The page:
Johnson & Johnson has also pledged to implement Kyoto whether the U.S. Senate ratifies the treaty or not. As a company, it will reduce greenhouse gas emissions seven percent below 1990 levels by 2010-with an interim goal of four percent in the first five years. This pledge covers 150 facilities in 50 countries.
IBM, which has already reduced its CO2 emissions by 20 percent from 1990 levels, has stunningly committed to further reductions of four percent a year into the indefinite future. The pledge covers its 30 manufacturing facilities in 14 countries.
Toyota and Honda have leaped ahead of the Big Three again, with efficient new cars for sale in America. Toyota’s Prius has a great sound system, comfortable seats, power everything, and a spacious trunk. My Prius, fully loaded, cost $21,000, and it averaged 52 miles per gallon on my trip down here this morning from Seattle. The new Prius, coming this fall, will be 15 percent more efficient – and the increased efficiency comes entirely from reprogramming its software!
But even the best companies are not putting serious political muscle behind public policies that would internalize the costs of climate change.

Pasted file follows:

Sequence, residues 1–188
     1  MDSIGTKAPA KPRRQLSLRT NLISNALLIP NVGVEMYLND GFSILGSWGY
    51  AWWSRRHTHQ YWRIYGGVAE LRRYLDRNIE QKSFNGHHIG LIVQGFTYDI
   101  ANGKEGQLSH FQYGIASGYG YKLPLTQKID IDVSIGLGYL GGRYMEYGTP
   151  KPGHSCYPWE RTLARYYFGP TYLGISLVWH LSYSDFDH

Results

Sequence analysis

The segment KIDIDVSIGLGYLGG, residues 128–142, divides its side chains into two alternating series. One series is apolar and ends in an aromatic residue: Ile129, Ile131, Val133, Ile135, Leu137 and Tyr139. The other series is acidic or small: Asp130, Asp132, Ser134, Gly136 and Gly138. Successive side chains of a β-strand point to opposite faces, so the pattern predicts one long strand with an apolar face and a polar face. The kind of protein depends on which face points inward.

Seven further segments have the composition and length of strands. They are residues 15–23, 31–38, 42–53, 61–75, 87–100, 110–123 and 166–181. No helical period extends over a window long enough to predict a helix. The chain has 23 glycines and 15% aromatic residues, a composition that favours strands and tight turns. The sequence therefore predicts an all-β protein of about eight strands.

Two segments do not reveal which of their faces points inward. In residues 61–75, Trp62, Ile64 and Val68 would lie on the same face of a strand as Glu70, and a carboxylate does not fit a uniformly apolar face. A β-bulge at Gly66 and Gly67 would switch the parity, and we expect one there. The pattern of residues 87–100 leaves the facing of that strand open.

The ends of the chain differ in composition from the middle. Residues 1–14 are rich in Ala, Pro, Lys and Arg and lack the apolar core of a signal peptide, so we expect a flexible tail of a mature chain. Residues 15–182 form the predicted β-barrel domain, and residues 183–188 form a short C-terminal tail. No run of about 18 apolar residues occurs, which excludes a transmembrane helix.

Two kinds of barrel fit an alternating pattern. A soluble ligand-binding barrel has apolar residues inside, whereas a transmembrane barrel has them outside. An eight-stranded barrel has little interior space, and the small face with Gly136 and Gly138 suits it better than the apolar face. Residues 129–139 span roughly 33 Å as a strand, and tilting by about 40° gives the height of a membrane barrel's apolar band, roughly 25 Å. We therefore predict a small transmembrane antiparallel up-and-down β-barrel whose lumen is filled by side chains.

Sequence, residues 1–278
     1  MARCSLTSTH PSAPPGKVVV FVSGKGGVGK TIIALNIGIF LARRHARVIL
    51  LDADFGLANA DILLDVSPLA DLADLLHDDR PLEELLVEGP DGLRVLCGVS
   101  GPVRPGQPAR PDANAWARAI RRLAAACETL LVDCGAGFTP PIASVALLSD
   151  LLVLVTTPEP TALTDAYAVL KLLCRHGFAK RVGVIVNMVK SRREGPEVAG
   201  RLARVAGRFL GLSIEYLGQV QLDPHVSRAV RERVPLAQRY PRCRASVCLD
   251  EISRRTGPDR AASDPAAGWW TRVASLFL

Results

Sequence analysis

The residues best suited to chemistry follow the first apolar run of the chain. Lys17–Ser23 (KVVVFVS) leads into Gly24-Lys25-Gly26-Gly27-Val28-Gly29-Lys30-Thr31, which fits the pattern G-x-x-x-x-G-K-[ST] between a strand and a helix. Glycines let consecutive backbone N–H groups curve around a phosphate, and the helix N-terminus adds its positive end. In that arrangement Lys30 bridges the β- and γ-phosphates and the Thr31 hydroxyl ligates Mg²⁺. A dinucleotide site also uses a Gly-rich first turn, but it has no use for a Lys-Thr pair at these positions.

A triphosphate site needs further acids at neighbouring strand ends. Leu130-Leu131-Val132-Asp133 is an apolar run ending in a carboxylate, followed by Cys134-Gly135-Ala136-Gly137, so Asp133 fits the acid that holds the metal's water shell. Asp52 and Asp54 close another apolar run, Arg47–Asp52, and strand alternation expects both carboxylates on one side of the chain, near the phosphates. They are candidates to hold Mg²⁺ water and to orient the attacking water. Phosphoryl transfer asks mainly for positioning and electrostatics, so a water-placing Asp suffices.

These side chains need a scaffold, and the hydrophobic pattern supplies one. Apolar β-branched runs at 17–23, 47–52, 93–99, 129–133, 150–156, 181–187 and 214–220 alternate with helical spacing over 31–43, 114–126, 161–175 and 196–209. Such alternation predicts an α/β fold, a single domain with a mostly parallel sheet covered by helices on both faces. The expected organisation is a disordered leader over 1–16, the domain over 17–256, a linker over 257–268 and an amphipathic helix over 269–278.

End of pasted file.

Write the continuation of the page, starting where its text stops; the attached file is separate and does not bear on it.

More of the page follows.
For reasons that continue to baffle me, companies are extremely unlikely to lobby for tough environmental standards, even when they are head and shoulders above their competitors, and such standards would advance their own narrow economic prospects.
The Role of Shareholders
This, then, is where shareholder activism comes in.
The history of shareholder actions on behalf of the environment goes back at least to 1970, with Campaign GM. Ralph Nader, Bess Myerson Grant, GM heir Stewart Mott, and others went to the shareholders’ meeting in Detroit and demanded that GM clean up its cars.
In those days, this sort of thing was very suspect. There was never any chance of a victory against management. It was pure guerilla theater, weighed in terms of its ability to generate press.